New megalab opened to help detect new COVID-19 variants

A new testing lab has been opened by the Department of Health and Social Care, to help detect new COVID-19 variants and expand testing capacity. The lab is the first of its kind in the UK.  

Health and Social Care Secretary, Sajid Javid, said: “The UK Health Security Agency (UKHSA) is going to put us at the forefront of the global battle against COVID-19 and help us stay a step ahead of new and emerging future threats.

“Trailblazing technologies are going to be pivotal to delivering on this bold ambition and I’m delighted that today we are bolstering our capabilities in testing and genomic sequencing with the opening of the Rosalind Franklin Laboratory. This laboratory will be one of the centrepieces of our efforts to manage this virus in the future, processing hundreds of thousands of positive COVID-19 tests a day to help us stop cases becoming outbreaks.

“Testing has already been instrumental in helping us control the virus and it is going to be essential to continue to protect ourselves and our communities in the months ahead. I’d urge everyone to take up our offer of free, twice-weekly rapid testing.” 

The new megalab is based in Leamington Spa, Warwickshire, and is named after Rosalind Franklin, the famous chemist. It will process COVID-19 samples to track the virus and spot new variants if they occur.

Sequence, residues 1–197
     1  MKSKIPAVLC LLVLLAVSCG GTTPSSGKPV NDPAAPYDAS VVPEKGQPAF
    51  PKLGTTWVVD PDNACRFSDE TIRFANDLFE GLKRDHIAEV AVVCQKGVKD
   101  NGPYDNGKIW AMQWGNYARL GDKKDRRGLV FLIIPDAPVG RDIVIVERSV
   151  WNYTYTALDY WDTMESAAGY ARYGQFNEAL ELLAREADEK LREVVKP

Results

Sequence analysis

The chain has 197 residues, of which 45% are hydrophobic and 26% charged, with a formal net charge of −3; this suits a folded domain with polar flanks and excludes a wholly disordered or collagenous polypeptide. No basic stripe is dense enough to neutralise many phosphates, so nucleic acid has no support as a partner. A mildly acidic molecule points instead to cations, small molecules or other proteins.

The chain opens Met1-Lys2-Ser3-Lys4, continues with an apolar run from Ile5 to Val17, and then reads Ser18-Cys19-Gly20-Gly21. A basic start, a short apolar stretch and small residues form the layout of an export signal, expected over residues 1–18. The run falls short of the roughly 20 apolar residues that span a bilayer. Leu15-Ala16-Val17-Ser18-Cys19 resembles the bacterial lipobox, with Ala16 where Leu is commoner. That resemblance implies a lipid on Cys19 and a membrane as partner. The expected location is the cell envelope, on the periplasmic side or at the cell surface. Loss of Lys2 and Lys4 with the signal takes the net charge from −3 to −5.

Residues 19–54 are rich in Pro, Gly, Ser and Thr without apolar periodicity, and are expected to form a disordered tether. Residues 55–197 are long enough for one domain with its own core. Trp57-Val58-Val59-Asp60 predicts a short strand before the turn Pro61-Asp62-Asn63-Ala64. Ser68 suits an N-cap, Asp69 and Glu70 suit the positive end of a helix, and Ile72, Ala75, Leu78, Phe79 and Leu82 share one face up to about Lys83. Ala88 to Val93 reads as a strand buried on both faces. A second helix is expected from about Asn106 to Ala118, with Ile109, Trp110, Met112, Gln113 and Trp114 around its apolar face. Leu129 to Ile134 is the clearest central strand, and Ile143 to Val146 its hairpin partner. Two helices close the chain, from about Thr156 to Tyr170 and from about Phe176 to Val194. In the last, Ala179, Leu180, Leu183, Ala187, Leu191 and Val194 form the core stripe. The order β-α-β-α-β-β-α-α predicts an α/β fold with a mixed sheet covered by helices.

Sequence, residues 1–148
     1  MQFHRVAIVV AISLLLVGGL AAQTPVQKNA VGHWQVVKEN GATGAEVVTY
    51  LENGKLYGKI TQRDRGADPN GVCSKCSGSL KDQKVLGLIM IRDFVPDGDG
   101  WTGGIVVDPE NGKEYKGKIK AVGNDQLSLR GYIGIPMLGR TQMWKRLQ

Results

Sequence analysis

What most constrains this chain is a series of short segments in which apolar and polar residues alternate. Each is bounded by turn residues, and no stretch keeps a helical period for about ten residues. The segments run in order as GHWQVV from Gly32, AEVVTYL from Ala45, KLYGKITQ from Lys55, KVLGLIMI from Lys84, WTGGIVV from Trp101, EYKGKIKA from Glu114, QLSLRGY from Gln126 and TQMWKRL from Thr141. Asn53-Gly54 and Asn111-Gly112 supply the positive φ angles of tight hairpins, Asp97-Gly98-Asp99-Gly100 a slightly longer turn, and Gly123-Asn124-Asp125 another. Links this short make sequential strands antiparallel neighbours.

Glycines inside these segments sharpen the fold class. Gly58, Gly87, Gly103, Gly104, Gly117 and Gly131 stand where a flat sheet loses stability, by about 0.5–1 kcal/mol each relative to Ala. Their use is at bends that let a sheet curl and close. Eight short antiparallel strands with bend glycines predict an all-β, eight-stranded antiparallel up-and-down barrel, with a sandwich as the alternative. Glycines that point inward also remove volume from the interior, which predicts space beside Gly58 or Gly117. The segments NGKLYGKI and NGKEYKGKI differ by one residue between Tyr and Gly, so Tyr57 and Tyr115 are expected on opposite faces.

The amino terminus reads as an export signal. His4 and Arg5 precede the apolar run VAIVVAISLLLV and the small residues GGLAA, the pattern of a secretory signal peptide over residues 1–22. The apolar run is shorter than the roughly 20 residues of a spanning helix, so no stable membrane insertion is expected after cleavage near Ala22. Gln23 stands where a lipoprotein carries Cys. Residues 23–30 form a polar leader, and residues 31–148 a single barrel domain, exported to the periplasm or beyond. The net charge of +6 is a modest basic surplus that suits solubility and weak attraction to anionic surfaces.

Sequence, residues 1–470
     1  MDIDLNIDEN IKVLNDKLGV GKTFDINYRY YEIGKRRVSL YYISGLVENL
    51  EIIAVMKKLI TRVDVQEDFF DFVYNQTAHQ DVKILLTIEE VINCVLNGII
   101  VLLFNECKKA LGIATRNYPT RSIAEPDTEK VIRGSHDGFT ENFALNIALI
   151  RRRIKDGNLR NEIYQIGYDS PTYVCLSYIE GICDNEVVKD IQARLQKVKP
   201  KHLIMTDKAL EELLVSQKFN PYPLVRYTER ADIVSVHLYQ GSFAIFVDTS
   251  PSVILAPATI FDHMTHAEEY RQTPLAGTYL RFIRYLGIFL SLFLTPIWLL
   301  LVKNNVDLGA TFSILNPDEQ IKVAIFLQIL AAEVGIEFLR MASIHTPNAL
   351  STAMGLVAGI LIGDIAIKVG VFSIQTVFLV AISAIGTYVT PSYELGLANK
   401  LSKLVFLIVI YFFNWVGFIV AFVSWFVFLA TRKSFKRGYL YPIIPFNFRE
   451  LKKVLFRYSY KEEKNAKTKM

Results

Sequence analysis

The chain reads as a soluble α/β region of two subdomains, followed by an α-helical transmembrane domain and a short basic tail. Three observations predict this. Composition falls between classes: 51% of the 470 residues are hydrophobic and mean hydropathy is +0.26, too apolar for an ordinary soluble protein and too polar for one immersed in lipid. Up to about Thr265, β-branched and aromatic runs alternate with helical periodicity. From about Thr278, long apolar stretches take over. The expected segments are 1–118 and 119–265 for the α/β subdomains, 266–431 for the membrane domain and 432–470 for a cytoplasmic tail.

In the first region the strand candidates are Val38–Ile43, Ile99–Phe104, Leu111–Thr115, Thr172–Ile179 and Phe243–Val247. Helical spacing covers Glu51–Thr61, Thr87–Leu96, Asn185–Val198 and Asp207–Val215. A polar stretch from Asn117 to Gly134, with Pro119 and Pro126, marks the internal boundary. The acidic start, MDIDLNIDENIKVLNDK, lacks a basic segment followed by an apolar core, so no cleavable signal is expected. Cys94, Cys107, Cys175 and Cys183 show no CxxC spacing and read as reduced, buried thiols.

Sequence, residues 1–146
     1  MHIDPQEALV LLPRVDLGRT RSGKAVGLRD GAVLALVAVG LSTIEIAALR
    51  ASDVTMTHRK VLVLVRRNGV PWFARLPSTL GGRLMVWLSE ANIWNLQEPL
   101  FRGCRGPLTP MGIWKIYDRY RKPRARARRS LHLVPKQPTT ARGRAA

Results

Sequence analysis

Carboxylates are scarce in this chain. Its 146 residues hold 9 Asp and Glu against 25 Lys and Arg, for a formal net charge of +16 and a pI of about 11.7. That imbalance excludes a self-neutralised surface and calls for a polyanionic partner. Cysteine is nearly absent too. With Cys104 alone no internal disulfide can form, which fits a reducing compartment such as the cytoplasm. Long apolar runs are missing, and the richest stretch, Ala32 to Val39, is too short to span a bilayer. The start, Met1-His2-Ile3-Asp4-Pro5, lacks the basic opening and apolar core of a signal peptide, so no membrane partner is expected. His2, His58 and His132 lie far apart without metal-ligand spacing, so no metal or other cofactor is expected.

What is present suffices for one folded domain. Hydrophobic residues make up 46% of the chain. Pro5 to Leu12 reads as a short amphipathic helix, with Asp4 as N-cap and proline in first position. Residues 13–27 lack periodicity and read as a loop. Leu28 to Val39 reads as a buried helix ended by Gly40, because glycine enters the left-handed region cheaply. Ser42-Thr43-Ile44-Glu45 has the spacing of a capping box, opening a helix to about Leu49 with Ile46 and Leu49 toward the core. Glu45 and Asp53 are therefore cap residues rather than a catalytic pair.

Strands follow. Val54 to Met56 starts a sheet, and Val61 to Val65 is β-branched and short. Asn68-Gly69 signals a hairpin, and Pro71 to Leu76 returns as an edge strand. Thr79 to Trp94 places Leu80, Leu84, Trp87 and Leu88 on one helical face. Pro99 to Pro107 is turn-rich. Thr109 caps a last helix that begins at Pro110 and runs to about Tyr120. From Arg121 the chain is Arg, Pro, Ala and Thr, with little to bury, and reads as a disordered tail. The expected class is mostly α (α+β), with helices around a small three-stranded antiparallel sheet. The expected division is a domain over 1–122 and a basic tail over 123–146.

The UKHSA will be in direct control of the laboratory and its Chief Executive, Jenny Harries, said: “Our mission at the UK Health Security Agency is to learn the lessons of this global pandemic and positively harness them in how we prepare and steel ourselves against future health threats. The pandemic has provided us with clear evidence, on a daily basis, that you can only challenge viruses of this kind with the right testing and genomics infrastructure in place.

 “The Rosalind Franklin Laboratory is going to be a critical scientific addition to how we manage this virus in the months ahead, arming us with data and intelligence on the spread of variants that will inform decision-making and ultimately, save lives.” 

Around 1,500 staff will be in place at the laboratory when it is fully operational, and it will also be a part of the NHS Test and Trace network.